It was just as though he'd been unconscious no more than a few minutes. But Wayne had a strong feeling that it had been more than that.
Therefore he was only shocked, rather than stunned, when a glance at his wristwatch indicated six hours and forty minutes had elapsed.
He held his head tightly in both hands to keep it from flying off in all directions at once, and he tried to think.
He knew it was important to think--fast and straight.
Six hours and forty minutes.
That was too long to be unconscious from a simple blow on the head, and his head didn't really hurt that bad.
Probably the weapon had still been firing whatever mysterious ammunition it used when it struck him; and when it bounced off his head it had turned, and he'd been caught in its blast.
But that didn't matter. That wasn't the important thing.
Six hours and forty minutes he'd been out.
The Defense Department official he'd spoken to had told him seven hours.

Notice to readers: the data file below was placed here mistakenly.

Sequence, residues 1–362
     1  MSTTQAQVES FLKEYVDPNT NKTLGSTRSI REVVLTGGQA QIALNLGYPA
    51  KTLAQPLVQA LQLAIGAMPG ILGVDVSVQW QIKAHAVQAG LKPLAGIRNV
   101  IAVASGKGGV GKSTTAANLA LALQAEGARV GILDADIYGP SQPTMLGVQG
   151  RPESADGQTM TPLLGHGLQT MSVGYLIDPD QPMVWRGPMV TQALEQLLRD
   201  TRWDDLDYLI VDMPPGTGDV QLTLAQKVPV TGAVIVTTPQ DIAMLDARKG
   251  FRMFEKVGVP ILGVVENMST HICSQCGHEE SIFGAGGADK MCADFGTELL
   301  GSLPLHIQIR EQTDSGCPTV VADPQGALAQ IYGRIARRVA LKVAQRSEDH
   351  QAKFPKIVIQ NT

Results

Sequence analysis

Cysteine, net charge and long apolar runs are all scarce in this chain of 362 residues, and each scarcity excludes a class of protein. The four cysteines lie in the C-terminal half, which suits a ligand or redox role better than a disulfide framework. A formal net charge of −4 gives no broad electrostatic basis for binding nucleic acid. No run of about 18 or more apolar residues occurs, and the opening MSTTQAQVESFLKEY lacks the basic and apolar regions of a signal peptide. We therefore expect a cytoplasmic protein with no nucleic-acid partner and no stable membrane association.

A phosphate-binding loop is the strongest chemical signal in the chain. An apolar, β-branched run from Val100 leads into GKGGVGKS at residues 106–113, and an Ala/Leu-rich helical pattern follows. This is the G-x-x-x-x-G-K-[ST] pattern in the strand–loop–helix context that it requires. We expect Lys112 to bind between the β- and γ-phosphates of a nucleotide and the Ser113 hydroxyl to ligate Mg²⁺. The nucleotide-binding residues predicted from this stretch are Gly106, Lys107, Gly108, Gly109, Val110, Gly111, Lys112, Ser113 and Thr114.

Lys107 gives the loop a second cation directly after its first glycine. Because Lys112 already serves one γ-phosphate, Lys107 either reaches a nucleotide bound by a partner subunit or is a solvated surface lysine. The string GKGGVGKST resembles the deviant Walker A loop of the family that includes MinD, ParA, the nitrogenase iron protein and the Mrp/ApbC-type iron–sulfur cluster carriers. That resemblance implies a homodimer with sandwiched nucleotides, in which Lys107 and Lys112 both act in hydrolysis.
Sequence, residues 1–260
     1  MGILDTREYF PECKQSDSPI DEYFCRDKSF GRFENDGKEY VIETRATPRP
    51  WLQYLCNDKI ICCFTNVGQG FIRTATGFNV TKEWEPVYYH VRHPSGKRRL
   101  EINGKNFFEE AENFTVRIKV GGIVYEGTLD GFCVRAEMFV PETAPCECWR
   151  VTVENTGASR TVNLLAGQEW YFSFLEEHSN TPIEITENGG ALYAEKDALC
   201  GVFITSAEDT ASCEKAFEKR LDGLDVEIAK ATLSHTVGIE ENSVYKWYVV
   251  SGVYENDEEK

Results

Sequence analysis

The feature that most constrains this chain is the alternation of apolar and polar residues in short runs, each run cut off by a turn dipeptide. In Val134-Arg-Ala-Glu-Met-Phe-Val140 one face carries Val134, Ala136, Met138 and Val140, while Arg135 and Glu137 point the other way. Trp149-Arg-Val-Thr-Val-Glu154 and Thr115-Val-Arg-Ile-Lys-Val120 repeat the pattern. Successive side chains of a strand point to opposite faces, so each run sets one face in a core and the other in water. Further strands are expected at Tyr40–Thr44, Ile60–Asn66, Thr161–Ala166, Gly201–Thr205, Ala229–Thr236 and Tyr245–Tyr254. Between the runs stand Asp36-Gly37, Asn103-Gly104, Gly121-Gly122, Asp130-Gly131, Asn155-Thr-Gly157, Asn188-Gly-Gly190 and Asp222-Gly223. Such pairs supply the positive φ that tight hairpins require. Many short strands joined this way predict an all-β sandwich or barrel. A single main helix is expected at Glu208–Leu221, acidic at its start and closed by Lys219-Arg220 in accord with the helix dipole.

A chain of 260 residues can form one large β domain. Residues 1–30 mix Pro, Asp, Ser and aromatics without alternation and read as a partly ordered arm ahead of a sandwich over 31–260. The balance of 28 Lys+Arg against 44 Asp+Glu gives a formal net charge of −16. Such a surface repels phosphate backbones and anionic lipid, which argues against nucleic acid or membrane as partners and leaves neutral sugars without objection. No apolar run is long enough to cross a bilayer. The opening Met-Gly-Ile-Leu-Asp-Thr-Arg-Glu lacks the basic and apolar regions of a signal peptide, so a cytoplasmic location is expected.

And thank God it wasn't five hours or six, as he'd been urging them to make it.
Anyway he had only twenty minutes now. Possibly a little more, but just as likely less.
That realization should have spurred him to instantaneous and heroic action, but instead it paralyzed him for several minutes. He couldn't think what to do. He couldn't get his muscles and nerves functioning and coordinated.
The absence of gravity didn't help. He thrashed about futilely.
But at last, almost by accident, his feet touched a metal support beam, and he pushed himself toward Sheilah. He grabbed her around the waist with one arm and with his free hand pulled both of them through the door.
It seemed a long, long time before he got Sheilah to the reconnaissance ship. By then the twenty minutes were up. His life was going into overtime.
Sheilah was conscious but still disorganized and limp, struggling weakly and ineffectually. Wayne fumbled with the door, got it open and shoved her inside.
Then he pulled himself in and closed the door.
They might make it yet. They still had a chance.
He studied the control board, deciding on the proper button to push.
From behind him Sheilah screamed, "The bomb! You've got the bomb and you're going to--Well, you're not!"